Mapping the buried secrets of Pearl Harbor
That’s how military historian Martin Morgan introduces the first episode of Buried Secrets of WWII. The six-part National Geographic series focuses on bringing to life previously unseen traces of the Second World War, with help from photogrammetry specialist Pete Kelsey.
The series opens in Pearl Harbor, at the site of the infamous attack which claimed more than 2,000 lives and pushed the United States into the global war.
Mapping the beginning of a conflict
Lying 1,200 feet below sea level, and some three miles from Pearl Harbor, is the remains of a Japanese mini submarine (type A KO-Hyoteki). The vessel was sunk by the Destroyer USS Ward mere hours before the December 7, 1941 attack.
To discover more about the wreck, the team lowered a remote operated underwater vehicle and navigated it around the remains of the two-man submarine, capturing it from every angle. Remote operated underwater vehicles (ROVs) are the most practical solution for underwater mapping projects.
Project details: the first shot fired
|Location||Oahu, Hawaii, USA|
|Hardware||Remote operated underwater vehicle (ROV)|
|Target||Sunken Japanese mini submarine (type A KO-Hyoteki)|
Back on dry land, the images were uploaded into PIX4Dmapper as Kelsey considered why photogrammetry is one of the best tools for examining objects from the past. “PIX4Dmapper looks at every pixel in every image. And I’ve got thousands of them here! It looks for patterns that enables it to actually stitch photographs together - you can see how the software figures out the position where each photograph was taken.”
Looking at the second processing step, he continued: “You just begin to see a hint of the model that it’s going to create. And then from there - this is where it gets really, really cool. It actually creates a mesh, or a model of this mini sub. Which is just an amazing piece of history and piece of this story.”
The team examined the model closely, noting that the torpedoes had not been fired, meaning the submarine had been sunk before completing its mission: and was possibly still very dangerous.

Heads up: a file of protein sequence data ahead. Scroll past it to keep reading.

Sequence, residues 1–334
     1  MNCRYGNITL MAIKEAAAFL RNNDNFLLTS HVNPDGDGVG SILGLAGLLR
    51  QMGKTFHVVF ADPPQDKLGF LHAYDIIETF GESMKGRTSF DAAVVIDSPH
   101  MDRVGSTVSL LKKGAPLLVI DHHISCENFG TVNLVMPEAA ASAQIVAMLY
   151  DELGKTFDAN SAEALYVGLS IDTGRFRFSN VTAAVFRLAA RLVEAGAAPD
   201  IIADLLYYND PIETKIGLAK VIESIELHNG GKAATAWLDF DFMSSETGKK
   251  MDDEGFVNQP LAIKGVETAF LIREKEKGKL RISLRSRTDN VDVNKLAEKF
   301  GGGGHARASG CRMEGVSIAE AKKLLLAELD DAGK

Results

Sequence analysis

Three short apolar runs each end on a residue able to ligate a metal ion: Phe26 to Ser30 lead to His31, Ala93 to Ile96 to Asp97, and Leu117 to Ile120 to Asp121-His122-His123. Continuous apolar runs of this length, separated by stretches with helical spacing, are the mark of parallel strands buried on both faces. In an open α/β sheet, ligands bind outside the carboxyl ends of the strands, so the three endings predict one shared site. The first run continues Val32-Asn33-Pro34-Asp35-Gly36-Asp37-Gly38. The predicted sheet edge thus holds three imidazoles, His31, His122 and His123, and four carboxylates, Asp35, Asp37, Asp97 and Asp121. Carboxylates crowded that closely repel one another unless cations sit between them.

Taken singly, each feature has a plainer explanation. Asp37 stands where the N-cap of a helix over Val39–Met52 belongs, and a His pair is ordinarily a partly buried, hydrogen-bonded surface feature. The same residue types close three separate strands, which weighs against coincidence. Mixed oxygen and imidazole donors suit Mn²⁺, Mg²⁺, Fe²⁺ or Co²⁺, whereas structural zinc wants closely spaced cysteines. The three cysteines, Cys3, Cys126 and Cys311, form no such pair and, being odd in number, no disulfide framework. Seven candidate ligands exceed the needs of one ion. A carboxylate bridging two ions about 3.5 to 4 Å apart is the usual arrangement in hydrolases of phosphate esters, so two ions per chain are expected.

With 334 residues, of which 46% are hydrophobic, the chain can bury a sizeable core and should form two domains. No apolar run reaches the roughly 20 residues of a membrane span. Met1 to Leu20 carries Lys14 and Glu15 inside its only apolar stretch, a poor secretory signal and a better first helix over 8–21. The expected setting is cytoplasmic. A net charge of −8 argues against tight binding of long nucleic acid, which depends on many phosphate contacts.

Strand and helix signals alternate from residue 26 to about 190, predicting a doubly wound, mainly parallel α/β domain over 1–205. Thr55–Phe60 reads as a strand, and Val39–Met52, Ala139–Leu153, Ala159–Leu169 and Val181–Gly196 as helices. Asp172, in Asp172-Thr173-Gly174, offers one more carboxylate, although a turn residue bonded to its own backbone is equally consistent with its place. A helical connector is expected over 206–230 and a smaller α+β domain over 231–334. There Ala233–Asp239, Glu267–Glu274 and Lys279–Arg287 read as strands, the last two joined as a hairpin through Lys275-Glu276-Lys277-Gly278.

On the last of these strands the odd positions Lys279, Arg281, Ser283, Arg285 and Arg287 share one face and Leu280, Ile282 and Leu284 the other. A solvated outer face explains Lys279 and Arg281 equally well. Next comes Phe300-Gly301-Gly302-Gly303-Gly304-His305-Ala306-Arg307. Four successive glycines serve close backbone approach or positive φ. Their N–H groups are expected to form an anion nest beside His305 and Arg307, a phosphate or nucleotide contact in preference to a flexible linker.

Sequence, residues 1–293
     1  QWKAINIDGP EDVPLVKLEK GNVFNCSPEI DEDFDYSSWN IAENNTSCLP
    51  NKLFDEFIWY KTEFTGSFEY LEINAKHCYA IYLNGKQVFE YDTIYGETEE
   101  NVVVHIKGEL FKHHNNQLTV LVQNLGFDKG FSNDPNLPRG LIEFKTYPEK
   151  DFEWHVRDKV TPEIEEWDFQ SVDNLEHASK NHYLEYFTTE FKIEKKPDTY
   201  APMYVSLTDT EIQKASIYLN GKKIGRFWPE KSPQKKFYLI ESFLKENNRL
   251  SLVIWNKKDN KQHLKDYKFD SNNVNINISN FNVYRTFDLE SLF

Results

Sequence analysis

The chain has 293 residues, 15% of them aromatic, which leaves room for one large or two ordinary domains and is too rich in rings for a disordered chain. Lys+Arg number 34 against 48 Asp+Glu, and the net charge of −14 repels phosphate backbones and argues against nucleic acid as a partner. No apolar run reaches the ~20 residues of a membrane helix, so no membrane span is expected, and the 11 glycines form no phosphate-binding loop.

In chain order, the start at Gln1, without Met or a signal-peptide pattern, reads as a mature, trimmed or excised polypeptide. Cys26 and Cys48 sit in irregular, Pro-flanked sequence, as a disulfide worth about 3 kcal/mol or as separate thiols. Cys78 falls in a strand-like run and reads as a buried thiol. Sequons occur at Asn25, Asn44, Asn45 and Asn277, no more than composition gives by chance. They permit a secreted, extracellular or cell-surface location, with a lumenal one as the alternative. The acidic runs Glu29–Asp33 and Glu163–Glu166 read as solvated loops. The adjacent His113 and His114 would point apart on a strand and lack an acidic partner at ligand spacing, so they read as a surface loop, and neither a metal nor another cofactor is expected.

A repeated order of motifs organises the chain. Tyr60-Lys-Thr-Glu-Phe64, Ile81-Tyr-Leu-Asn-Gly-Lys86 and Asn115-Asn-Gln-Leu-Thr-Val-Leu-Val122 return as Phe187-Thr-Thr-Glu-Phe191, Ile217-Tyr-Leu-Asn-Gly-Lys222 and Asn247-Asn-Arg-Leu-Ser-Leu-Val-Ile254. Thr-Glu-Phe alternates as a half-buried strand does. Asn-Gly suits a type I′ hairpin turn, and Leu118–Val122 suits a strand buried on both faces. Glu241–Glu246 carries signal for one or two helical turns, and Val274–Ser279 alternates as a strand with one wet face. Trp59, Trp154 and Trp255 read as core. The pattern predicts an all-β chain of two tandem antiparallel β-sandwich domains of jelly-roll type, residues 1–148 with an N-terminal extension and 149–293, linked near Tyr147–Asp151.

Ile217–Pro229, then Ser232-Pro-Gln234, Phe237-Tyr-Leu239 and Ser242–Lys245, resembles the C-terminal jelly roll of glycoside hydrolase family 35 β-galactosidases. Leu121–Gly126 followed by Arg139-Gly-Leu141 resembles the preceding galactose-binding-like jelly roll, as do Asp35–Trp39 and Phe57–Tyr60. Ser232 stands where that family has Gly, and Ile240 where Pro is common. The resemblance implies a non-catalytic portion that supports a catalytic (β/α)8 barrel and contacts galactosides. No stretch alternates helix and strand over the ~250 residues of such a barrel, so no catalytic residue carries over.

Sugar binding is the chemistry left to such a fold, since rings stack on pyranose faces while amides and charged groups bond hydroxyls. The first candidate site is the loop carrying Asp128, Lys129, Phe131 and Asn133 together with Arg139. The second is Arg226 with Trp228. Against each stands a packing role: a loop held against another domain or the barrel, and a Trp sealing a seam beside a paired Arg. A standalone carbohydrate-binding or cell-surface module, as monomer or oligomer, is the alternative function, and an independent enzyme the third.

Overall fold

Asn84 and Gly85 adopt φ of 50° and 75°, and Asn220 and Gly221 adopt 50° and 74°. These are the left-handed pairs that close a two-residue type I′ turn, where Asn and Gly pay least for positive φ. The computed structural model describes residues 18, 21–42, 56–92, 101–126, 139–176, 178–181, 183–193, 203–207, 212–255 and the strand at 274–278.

They spotted damage in the conning tower: a relatively small hole which had sunk the vessel. Using PIX4Dmapper’s built-in measuring tools, the team was able to confirm the hole was barely over 4 inches, and therefore was caused by a shot from the USS Ward’s 4-inch 50 calibre guns.
The shot sunk the sub before she could fire her torpedos. It was the very first shot of the Pacific War. Kelsey’s team proved that it ended the lives of two men: it can never be known how many lives that deadly bullet saved.
Modeling an attack
With an unparalleled range, Catalina seaplanes were used throughout the Pacific Theatre in the Second World War. The aircraft had massive wingspans which allowed them to fly some 2,500 miles (4,000 km) without refueling. They may have helped the American forces drive off the Japanese attack, but many were destroyed on the ground before they could take off.
On December 7 1941, 33 Catalinas rested in or around the Kaneohe Bay Naval Air Station. In 2019, there was one beneath the waves. The team’s mission was to model it and discover whether this particular plane had been able to take off and fight back against the attack.
Project details: the Catalina
|Location||Kaneohe Bay, Hawaii, USA|
|Target||Sunken Catalina seaplane|
Kaneohe Bay is notorious for its poor visibility. As such, no one had ever seen all of the wrecked Catalina at once, instead viewing her in glimpses from behind silty goggles.